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Opinion
Michael R. Bloomberg

Small Steps Can Save Millions of Lives

More people now die from noncommunicable diseases than from causes like malaria and polio. Policy makers need to catch up.
Celebrating World No-Tobacco Day in China.

Celebrating World No-Tobacco Day in China.

Photograph: STR/AFP/Getty Images

The following is an adaptation of an annual letter about philanthropy.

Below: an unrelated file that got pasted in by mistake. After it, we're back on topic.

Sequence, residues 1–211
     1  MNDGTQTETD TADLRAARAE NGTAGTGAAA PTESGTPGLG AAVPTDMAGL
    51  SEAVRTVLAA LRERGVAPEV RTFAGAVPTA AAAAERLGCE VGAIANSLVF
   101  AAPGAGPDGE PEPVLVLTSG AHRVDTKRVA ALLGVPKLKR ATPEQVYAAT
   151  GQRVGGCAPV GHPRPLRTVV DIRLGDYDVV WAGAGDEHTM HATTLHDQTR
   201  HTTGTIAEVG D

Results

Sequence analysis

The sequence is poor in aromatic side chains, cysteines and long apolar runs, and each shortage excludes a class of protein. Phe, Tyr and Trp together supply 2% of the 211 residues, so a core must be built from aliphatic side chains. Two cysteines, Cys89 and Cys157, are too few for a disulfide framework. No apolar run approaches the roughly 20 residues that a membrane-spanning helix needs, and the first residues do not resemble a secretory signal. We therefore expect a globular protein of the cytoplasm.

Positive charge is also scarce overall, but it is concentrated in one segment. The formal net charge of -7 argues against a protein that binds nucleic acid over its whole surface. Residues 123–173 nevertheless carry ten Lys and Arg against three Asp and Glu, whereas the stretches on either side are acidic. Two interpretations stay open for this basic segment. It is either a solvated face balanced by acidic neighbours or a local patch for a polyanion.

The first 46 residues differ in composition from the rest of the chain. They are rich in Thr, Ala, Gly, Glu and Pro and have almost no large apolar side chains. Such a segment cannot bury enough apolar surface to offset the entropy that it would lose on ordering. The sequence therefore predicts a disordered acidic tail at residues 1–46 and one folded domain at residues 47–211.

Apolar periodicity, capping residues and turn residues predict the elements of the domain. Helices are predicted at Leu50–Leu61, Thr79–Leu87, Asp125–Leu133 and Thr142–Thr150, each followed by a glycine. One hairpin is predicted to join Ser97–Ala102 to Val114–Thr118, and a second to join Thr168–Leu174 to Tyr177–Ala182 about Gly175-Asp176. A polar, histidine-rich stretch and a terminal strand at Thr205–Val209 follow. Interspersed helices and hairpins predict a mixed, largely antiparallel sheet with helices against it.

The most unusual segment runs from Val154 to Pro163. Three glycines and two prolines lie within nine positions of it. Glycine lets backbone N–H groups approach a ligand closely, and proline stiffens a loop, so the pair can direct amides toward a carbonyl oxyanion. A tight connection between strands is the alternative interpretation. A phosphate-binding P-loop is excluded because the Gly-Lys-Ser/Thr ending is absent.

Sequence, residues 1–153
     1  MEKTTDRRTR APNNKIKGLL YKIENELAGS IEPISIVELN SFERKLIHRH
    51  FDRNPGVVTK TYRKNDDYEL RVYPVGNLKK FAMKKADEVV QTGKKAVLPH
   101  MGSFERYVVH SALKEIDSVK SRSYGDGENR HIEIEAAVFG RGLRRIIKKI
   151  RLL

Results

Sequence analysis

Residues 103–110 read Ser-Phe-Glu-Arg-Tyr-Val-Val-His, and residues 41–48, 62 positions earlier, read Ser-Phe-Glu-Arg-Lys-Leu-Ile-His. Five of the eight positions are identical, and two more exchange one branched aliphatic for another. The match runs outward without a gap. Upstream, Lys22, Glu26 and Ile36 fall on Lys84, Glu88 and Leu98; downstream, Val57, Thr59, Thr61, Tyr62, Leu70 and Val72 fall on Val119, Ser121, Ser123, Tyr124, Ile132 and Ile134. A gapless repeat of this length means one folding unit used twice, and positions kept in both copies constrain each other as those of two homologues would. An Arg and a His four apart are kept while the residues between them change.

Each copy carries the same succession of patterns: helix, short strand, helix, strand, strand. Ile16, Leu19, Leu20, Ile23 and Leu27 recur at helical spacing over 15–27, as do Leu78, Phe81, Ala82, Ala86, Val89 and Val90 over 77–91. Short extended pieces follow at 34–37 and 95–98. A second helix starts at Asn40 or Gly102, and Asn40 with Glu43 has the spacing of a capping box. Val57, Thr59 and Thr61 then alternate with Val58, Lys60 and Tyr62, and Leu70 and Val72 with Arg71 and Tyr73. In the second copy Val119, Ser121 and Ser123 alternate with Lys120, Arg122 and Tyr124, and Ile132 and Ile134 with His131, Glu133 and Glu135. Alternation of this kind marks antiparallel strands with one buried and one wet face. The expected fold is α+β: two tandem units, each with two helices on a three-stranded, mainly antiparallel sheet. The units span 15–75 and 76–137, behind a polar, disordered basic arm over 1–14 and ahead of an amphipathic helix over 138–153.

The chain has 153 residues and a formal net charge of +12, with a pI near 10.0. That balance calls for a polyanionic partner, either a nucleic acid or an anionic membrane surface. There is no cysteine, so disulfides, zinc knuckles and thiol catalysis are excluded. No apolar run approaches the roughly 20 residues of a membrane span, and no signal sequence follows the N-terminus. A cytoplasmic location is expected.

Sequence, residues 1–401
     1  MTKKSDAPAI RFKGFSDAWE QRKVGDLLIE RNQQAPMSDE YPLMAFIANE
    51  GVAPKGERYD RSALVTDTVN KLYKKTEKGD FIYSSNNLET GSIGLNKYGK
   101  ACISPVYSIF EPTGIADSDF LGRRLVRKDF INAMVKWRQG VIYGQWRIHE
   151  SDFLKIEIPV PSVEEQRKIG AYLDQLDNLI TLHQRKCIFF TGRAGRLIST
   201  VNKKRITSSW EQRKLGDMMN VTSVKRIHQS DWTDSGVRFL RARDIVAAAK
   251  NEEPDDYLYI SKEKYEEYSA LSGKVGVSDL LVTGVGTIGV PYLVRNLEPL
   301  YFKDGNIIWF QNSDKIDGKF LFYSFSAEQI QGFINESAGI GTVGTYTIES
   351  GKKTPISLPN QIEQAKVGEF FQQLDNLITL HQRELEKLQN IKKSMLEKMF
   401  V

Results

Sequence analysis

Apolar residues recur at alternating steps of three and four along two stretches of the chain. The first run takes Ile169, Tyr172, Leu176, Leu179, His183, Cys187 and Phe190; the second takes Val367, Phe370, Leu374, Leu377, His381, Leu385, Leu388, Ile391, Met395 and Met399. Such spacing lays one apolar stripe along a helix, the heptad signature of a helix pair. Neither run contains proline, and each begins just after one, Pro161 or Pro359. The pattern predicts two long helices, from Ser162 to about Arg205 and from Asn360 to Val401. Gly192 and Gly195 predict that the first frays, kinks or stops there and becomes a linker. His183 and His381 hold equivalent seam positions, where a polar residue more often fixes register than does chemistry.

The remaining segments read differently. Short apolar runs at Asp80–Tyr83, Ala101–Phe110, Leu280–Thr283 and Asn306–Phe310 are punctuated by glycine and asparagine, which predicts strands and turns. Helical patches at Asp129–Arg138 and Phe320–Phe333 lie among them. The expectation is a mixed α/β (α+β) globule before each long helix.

For the first time in human history, more people around the world are dying from noncommunicable diseases, such as heart disease and cancer, than communicable ones, such as malaria and polio. This change occurred in higher-income countries at some point in the middle of the last century. In lower-income countries, the shift is just a few years old.